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Some notes on Hybrids: Navigation issues and Gapless playback
In this page, I investigate navigation between audio and video zones and playback issues.
All test DVDs used to derive the following statements were made with Hplex then compared with same-content discs built with commercial software.
To implement zone-to-zone navigation, Hplex-made AUDIO_PP.IFO and AUDIO_TS.IFO were modified with a hex editor, according to the specifications released in the new tables.
At this stage, it does not appear essential to try to uncover the structure of menu navigation,
as navigation between zones does not depend on AUDIO_TS.VOB being present or not. It suffices
to use the direct access keys of the remote control unit in the following way:
To jump from audio group X to video titleset Y, with N audio groups, strike Stop if playing audio,
then number Y-N key, then Enter. The reverse is also OK from video zone to audio zone.
It is necessary to press Stop if playing, otherwise the key number will set the player jumping
to the same-group title of the key number.
This property holds true whether the fourth sector is left or not in the ISO structure, with or without a VOB menu.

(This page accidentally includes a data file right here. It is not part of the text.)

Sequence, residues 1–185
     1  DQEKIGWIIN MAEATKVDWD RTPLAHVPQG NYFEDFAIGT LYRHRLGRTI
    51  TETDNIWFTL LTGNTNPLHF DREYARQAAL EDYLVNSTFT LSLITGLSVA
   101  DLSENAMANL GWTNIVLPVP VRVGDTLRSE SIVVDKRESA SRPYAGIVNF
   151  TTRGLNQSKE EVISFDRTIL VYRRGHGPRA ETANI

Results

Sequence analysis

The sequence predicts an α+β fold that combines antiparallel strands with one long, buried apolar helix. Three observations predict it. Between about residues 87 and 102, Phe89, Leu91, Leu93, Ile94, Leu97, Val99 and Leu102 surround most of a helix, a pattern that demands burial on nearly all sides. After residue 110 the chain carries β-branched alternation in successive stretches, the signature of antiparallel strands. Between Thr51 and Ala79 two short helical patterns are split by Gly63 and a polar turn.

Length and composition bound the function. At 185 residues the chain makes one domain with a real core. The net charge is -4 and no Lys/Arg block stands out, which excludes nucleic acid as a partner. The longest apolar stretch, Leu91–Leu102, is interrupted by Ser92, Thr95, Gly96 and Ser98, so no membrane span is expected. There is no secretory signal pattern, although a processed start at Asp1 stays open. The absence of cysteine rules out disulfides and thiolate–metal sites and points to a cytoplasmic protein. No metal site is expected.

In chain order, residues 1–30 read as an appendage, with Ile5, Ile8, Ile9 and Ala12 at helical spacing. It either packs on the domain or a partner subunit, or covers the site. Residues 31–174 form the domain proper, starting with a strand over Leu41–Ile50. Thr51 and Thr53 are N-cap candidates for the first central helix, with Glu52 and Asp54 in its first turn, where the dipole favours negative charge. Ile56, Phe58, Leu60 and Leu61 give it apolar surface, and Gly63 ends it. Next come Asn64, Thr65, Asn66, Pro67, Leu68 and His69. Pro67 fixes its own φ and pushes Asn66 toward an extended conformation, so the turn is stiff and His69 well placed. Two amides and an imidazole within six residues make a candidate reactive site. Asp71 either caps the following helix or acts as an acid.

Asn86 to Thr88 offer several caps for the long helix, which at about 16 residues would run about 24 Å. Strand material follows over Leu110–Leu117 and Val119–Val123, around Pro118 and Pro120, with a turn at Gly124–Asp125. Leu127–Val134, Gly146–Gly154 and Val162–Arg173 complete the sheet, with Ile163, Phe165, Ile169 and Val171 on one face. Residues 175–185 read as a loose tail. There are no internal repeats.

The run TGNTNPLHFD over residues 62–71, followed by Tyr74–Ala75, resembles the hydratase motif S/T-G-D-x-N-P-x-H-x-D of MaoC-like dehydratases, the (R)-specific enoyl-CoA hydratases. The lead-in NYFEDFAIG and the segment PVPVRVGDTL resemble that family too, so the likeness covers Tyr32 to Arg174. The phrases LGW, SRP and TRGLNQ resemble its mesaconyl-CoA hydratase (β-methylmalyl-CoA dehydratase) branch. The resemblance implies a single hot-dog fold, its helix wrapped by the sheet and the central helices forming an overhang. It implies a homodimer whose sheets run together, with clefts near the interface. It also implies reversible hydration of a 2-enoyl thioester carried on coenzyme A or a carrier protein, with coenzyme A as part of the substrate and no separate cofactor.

This interesting result shows that the relative pointers in AUDIO_TS.IFO are all that is required for a
smart player to navigate with direct access keys.
Further findings and unsolved navigation issues.
Virtual machine (VM) commands seem to be partly identical in both zones, with possible differences.
In AUDIO_TS.IFO, just as it does in VIDEO_TS.IFO, VM command 300600XX (Jump to first-play PGC in video zone) forces the player to get to the VOB menu, thereby making other code written further down in the IFO file non-operational.
This trick was used to show that the fourth sector of AUDIO_TS.IFO was necessary to define the links
further encoded in the VOB buttons, when an on-screen menu is generated.
A note on Gapless playback
A nagging issue with some DVD-players is the gap that sometimes is felt between audio tracks.
A common feature of both audio zone and video zone is the ban on direct jumps from a title in the
title domain to another title. To get from one title to another, the player must go through a part of system space,
accessible with special virtual machine commands. Two consecutive operations must be handled in disc zones that may be far from
each other. Hence, navigating between titles is time-consuming. Supposing now the player does not store as permanently as it
system space data, it may be necessary to loop back and
read again the information available in system space to direct the playback to the right new track.
In support of this hypothesis is the fact that some DVD-Audio/Video players exhibit quite the same behaviour in audio zone and
What is to be done?
The gapless playback performed by some commercial software appears to be a presentational trick that takes advantage of
the DVD-Video/DVD-Audio system symmetry and blurs the distinction between titles and chapters (in video parlance),
i.e. between titles and tracks in audio zone.
Gapless tracks do not have the same hierarchical nature as non-gapless tracks.